Multiply your width and length measurements of each nook and cranny to get each one’s square footage. For incoves, subtract their square footage from your first general square footage calculation of the whole room. For outcoves, add their square footage to the room’s total square footage.

After reaching your new total square footage calculation, add 7-15% to account for the hardwood flooring waste factor.

Using Square Footage for Flooring Quotes

Knowing how to accurately measure floors is incredibly important when shopping for hardwood flooring. The square footage gives you a realistic idea of what types of material you can comfortably afford — from more affordable options to luxury, high-end products. Your flooring supplier can’t provide you with an accurate estimate or a range of recommended products unless they know how much flooring you need to cover your room.

When you provide your flooring supplier with your square footage calculation, be sure to let them know how much of it is real square footage — the actual size of your room — and how much you added on as a waste factor. With this information, they can help you make better budgeting decisions so you can pick out the hardwood flooring of your dreams.

Things to Consider When Measuring for Flooring

By following the above steps, you’ll calculate a relatively accurate square footage, so you can obtain an accurate estimate. But beyond these flooring calculator tips, there are some other factors to consider when measuring for flooring:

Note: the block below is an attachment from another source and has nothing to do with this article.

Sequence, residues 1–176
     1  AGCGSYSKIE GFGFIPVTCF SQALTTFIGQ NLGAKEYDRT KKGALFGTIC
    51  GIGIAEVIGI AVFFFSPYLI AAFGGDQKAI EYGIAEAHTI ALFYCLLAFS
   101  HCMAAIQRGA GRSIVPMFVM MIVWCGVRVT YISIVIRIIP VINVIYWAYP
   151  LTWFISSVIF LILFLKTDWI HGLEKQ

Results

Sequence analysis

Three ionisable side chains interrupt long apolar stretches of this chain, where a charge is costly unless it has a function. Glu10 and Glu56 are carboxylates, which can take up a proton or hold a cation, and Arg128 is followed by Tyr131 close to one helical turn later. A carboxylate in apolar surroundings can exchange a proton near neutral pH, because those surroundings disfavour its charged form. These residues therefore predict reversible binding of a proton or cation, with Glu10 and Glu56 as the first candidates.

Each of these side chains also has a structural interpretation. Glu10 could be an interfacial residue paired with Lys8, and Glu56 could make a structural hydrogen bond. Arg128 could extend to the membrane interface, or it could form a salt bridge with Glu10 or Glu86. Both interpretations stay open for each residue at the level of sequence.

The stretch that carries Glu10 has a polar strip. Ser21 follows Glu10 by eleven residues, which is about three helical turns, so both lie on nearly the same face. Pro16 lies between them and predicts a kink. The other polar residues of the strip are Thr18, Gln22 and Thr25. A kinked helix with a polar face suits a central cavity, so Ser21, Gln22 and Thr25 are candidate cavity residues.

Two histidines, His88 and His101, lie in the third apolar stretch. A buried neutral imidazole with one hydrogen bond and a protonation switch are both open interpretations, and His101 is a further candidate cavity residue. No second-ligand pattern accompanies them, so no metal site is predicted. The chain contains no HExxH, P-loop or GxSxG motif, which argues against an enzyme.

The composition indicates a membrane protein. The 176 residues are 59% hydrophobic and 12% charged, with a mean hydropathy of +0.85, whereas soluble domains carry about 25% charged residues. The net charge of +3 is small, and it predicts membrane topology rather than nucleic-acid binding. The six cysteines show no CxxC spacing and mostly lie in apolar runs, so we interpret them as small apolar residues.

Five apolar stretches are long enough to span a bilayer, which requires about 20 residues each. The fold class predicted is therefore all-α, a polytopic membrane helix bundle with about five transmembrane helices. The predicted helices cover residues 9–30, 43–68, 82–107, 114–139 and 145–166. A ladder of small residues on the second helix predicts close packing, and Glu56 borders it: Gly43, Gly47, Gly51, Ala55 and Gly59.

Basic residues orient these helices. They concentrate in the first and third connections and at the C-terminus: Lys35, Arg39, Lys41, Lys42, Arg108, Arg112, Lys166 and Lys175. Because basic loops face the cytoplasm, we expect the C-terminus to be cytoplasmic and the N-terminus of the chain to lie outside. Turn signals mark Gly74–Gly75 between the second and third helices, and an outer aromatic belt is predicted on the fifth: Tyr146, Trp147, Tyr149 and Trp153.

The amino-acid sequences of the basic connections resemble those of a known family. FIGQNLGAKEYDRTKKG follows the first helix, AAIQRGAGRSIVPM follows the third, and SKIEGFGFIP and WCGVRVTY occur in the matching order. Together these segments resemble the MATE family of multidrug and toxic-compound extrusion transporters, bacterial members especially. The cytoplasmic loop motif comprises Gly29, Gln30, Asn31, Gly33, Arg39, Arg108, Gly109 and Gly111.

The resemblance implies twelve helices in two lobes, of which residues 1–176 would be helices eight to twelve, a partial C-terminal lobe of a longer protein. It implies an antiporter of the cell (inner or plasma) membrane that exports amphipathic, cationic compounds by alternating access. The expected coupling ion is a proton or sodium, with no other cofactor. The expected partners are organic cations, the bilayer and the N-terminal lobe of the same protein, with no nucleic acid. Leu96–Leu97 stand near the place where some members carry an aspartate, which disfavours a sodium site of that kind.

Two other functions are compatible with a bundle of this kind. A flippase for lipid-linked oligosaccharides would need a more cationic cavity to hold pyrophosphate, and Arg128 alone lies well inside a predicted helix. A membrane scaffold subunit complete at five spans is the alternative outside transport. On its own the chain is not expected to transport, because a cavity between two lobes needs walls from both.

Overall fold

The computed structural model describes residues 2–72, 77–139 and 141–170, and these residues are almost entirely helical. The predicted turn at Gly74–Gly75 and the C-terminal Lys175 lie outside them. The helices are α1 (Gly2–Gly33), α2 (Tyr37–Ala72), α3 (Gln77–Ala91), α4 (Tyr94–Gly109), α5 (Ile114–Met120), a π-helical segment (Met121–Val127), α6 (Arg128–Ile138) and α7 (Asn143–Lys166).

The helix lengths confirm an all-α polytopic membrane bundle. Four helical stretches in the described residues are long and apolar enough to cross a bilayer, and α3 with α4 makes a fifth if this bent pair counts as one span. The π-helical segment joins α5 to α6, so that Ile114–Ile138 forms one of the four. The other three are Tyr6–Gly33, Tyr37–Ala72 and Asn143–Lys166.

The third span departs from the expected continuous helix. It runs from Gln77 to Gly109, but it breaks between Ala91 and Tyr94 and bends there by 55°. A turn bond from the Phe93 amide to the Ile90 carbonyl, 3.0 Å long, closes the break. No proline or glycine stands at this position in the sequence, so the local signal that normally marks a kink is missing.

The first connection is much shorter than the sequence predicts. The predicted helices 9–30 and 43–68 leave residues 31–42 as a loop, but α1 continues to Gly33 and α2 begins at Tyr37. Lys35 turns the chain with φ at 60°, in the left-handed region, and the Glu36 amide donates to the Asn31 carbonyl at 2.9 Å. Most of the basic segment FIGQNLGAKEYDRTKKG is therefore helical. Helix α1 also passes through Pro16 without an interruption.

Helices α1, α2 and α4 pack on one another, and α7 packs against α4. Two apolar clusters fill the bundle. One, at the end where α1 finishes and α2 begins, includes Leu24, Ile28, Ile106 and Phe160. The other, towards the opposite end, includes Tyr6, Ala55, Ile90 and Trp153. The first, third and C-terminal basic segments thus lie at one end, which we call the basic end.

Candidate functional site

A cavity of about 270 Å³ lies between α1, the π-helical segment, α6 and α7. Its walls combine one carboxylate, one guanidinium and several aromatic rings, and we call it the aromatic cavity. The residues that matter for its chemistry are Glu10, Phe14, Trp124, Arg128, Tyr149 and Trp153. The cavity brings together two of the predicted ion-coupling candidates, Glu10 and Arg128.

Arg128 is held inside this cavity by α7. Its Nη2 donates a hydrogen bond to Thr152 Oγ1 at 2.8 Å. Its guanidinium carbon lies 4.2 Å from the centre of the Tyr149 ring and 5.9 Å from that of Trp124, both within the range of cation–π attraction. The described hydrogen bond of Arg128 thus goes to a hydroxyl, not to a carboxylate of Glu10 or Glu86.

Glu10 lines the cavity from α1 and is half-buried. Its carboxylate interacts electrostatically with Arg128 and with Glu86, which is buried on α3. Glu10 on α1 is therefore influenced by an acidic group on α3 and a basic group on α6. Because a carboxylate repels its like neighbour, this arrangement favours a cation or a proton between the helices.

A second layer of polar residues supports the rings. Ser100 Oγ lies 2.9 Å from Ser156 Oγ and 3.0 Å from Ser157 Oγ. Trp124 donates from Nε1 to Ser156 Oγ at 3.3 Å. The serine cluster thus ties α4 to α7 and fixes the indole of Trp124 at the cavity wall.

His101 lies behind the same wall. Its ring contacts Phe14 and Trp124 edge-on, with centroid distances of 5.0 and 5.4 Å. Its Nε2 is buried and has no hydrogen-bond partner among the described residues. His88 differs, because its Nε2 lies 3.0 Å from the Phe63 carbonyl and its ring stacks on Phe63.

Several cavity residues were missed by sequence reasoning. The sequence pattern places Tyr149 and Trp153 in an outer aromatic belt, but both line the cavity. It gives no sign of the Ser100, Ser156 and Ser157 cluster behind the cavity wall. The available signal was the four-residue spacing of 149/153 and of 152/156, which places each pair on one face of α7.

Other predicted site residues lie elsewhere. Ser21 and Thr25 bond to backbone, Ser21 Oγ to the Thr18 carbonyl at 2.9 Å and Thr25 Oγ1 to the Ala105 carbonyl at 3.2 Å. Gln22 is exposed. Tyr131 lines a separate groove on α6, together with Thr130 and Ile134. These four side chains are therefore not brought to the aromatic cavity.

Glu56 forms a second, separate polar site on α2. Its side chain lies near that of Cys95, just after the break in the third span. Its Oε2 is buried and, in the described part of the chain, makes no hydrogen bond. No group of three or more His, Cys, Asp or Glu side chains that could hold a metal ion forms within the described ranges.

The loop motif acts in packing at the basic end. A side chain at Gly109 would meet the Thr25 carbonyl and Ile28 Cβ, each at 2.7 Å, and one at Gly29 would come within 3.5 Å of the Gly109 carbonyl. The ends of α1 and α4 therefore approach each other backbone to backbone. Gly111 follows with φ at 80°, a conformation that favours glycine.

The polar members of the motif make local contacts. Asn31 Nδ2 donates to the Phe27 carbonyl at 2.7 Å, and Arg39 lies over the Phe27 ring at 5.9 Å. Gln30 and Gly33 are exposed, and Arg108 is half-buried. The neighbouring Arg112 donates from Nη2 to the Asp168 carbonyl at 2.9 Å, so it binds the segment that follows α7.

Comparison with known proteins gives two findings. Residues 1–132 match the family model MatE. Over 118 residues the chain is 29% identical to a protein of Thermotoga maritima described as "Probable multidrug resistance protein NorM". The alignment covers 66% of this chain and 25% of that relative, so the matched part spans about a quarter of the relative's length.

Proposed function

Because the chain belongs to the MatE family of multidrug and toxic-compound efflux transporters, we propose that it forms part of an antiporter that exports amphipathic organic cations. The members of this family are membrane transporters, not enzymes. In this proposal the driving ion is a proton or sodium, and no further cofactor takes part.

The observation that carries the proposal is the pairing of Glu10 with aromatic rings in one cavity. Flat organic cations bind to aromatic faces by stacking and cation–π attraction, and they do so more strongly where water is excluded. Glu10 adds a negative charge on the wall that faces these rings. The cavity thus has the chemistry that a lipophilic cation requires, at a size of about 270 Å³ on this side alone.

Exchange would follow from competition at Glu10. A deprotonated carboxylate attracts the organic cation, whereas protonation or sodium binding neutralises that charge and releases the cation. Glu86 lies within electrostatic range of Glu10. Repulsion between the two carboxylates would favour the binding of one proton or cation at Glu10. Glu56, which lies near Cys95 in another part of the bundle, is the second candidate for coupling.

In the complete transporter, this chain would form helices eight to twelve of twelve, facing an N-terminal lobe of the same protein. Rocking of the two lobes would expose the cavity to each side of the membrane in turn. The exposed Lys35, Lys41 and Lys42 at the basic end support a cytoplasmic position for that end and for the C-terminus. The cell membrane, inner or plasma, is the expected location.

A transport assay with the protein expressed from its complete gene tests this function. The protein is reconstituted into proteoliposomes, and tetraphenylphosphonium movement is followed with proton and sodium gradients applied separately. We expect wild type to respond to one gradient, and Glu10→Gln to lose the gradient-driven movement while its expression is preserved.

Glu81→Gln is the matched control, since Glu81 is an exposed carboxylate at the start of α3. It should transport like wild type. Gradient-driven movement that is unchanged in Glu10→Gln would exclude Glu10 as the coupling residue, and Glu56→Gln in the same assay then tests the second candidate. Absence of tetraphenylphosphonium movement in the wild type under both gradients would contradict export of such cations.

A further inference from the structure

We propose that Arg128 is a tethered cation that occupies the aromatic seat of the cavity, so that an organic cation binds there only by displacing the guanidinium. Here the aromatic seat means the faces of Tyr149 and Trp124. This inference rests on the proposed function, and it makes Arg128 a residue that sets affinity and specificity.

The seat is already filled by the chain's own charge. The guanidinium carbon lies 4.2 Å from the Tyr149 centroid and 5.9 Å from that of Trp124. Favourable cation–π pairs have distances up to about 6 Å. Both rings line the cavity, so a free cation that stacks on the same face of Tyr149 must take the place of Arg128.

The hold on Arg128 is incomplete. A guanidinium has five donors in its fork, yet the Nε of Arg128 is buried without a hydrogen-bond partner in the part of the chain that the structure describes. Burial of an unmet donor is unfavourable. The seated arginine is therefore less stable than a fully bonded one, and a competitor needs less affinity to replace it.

·      The waste factor you account for will vary based on the floorboards’ width and length.

·      When calculating your waste factor, keep in mind you might want to have extra floorboards in reserve in case of future damage.

·      If you’d like to install the same flooring in additional rooms, then buying more at once can make it more affordable and reduces shipping expenses.

Contact Superior Hardwoods of Montana for Help With Measuring Flooring

If you’d like beautiful, new hardwood flooring for your home, and you need help taking measurements, Superior Hardwoods of Montana is happy to help you through the process. Since 1977, our passion has been to guide our customers through the woods. We provide the finest wood flooring on the market and pride ourselves on our extensive product knowledge and superior customer service.If you have any questions or need assistance, please contact us online today or call us at (406) 235-7452.